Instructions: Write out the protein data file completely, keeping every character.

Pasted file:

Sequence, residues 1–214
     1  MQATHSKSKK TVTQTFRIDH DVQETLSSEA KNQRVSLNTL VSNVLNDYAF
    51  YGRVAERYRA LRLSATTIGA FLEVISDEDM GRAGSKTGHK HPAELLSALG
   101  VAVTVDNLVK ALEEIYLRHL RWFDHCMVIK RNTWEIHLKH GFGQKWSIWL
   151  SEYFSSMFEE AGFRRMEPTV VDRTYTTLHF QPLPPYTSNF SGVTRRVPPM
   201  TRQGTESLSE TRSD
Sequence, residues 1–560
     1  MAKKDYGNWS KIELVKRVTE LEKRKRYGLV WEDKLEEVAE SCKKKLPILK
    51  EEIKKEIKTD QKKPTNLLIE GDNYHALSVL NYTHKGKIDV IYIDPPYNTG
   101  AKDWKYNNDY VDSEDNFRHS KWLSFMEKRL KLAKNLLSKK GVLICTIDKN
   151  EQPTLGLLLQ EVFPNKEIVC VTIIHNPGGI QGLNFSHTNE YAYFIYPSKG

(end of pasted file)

Sequence, residues 1–214
     1  MQATHSKSKK TVTQTFRIDH DVQETLSSEA KNQRVSLNTL VSNVLNDYAF
    51  YGRVAERYRA LRLSATTIGA FLEVISDEDM GRAGSKTGHK HPAELLSALG
   101  VAVTVDNLVK ALEEIYLRHL RWFDHCMVIK RNTWEIHLKH GFGQKWSIWL
   151  SEYFSSMFEE AGFRRMEPTV VDRTYTTLHF QPLPPYTSNF SGVTRRVPPM
   201  TRQGTESLSE TRSD
Sequence, residues 1–560
     1  MAKKDYGNWS KIELVKRVTE LEKRKRYGLV WEDKLEEVAE SCKKKLPILK
    51  EEIKKEIKTD QKKPTNLLIE GDNYHALSVL NYTHKGKIDV IYIDPPYNTG
   101  AKDWKYNNDY VDSEDNFRHS KWLSFMEKRL KLAKNLLSKK GVLICTIDKN
   151  EQPTLGLLLQ EVFPNKEIVC VTIIHNPGGI QGLNFSHTNE YAYFIYPSKG